Are Happy Marriages Really Taboo?
Comedian Ali Wentworth says enough with the unhappy marriage stuff; it’s time to brag about how great it is
You’re happily married. Are you sharing that with the world? Ali Wentworth is worried that you’re not. In an excerpt from her new book, Go Ask Ali, in Town & Country, the comedian shares her “dirty little secret” — that she’s been happily married to George Stephanopoulos for 17 years:
Deep breath. Here goes: I’m happily married. It might be my most boring attribute, and there’s nothing I can do about it! I love my husband and he loves me. The end.”
But that isn’t the end. Her essay is titled “When Did a Happy Marriage Become So Taboo?” so you know where she’s going with this: No one’s talking about their happy marriages, just the miserable ones.
She describes gals’ get-togethers where there’s a lot of husband and former-husband bashing, and the loss of friendships she jokingly claims — she’s a comedian, of course — over her confession of how often she and her hubs have sex (it’s evidently a lot or at least more than they’re getting, and it’s still good and that’s shocking to her friends).
Still, it isn’t all bliss, she wants everyone to know — “I said I love my husband, not that our marriage is perfect. Sure, we fight (which is nonsensical, because I’m the one who’s always right), but we have a utilitarian marriage and manage to still maintain some romance.” But ultimately, she writes, it speaks to a bigger issue in our society, she says — there’s trouble in marriageland:
Sitcoms depict married life as a bickering couple; he’s usually heavy and not very attractive, and she’s usually too smart and beautiful for him. There’s a lot of eye-rolling. The couple grudgingly put up with each other and a laugh track. Switch to a cable drama: one of them has murdered the other. The best-selling books and records are always slanted toward relationships gone bad. And how would daytime talk shows survive if we couldn’t trawl for signs of infidelity or enforce paternity tests? It’s embedded in our culture.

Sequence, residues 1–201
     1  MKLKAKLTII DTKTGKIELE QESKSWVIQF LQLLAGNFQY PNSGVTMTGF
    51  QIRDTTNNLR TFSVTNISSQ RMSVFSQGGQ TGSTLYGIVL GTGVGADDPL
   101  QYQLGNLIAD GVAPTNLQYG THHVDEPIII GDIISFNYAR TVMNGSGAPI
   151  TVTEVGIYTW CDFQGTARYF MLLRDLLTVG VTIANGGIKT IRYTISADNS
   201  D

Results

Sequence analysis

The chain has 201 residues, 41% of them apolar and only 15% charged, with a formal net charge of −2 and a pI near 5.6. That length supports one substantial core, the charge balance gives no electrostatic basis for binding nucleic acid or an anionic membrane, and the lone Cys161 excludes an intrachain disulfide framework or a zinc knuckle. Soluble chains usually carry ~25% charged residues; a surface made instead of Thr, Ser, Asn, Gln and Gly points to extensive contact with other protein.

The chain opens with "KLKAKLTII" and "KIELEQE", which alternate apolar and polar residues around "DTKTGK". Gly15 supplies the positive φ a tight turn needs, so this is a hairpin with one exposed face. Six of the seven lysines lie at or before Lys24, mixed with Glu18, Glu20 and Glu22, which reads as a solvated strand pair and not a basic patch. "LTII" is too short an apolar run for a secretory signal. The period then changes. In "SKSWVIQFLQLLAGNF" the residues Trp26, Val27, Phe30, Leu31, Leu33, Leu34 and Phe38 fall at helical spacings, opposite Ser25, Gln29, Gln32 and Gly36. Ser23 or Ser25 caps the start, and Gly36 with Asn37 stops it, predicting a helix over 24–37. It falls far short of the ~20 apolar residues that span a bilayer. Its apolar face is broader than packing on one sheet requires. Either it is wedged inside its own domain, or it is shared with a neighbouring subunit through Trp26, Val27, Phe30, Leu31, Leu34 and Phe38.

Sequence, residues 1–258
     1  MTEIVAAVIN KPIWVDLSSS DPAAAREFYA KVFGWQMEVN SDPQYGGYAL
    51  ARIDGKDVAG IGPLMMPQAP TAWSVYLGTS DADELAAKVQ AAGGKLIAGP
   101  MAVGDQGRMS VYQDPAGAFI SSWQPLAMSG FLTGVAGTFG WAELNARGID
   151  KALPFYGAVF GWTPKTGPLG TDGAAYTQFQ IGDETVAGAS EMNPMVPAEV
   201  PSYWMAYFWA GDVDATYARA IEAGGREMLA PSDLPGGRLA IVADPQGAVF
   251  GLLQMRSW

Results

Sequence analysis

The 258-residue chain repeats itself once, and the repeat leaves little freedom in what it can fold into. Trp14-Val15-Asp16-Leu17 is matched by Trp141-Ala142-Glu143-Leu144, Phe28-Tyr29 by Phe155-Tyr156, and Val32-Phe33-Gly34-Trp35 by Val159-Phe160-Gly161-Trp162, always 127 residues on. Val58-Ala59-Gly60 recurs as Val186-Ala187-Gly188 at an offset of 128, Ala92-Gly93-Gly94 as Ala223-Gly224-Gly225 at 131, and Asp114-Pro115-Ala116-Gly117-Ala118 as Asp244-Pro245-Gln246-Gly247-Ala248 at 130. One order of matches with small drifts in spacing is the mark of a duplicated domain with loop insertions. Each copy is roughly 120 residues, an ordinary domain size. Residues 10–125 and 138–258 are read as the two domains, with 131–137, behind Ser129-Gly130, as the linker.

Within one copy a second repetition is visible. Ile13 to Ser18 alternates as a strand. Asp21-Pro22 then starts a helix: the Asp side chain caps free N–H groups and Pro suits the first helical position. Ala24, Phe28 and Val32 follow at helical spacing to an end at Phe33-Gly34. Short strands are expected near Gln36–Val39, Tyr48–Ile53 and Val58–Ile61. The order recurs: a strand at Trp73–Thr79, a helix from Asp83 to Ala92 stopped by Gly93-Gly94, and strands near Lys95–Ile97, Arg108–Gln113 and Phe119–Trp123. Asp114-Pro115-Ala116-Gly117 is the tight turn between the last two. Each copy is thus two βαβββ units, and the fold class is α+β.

Is Wentworth right, that we only hear about unhappy marriages? Maybe in sitcoms, greeting cards and in comedy routines. But if that’s true, then why are we inundated with couples who share the “secrets” of their long marriage (as if what works for them will work for everyone)? Why do we go crazy when a couple celebrates a wedding anniversary, especially if it has some legs — 25, 50, 75 years — to it? And what about the way people curate their picture-perfect romantic relationships on Instagram and Facebook, with all sorts of declarations of gushy love? You just can’t get more pro-marriage than that!
Easy to make fun of marriage
Still, people like to make fun of marriage because, well, because. It’s easy to make fun of. The premise of promising yourself for life to one person is ripe for humor, (and tragedy) but, hey — sometimes it works really well. Other times, not. But it’s the only thing that we’re expected to commit to for life, except if you become a mom or dad — and even then, kids grow up, move on and out at some point, and being a parent becomes a lot less hands-on. Not so with a spouse; the older they get, the more hands-on things are going to be.
Still, young people overwhelmingly want to marry, no matter the negative portrayals of marriage. Clearly, despite all the unhappy marriage talk, hope springs eternal.
But I have to wonder if this alleged anti-marriage message is any different than the barrage of messages outliers hear. We singles are constantly reminded about how unhappy and lonely we must be — how no man or woman could truly be happy being single, and thus we need help (well, women) “surviving” the holidays or Valentine’s Day alone. The divorced among us are shamed about our “failed marriage.” God forbid we should write about about all the good things that have come from the end of a marriage! And forget about even trying to chat up the joys of being a single parent by choice, or a childfree couple. Selfish, selfish, selfish!!
Marriage is privileged
Marriage and romantic relationships shouldn’t be privileged over any other kind of state of being. But, of course, they are.
I don’t want to quibble with Wentworth. I’m truly happy that she and Stephanopoulos are happily married and getting it on — more power to them. That’s the choice they made — and continue to make every day — it seems to be working for them and that’s the end of that. She can keep it on the down-low, as she says she feels forced to do, or she could talk as openly about it as much as her female friends with crappy marriages or torrid love affairs can handle.
“I can’t compete on that level,” she says, jokingly, about a friend who can go on and on about her husband who’s a misogynistic, narcissistic prick. Here’s the thing, Ali — you don’t have to. Life isn’t a competition. Maybe if we stopped seeing it as one, we could just live and let live.
This was originally published on my blog, OMG Chronicles.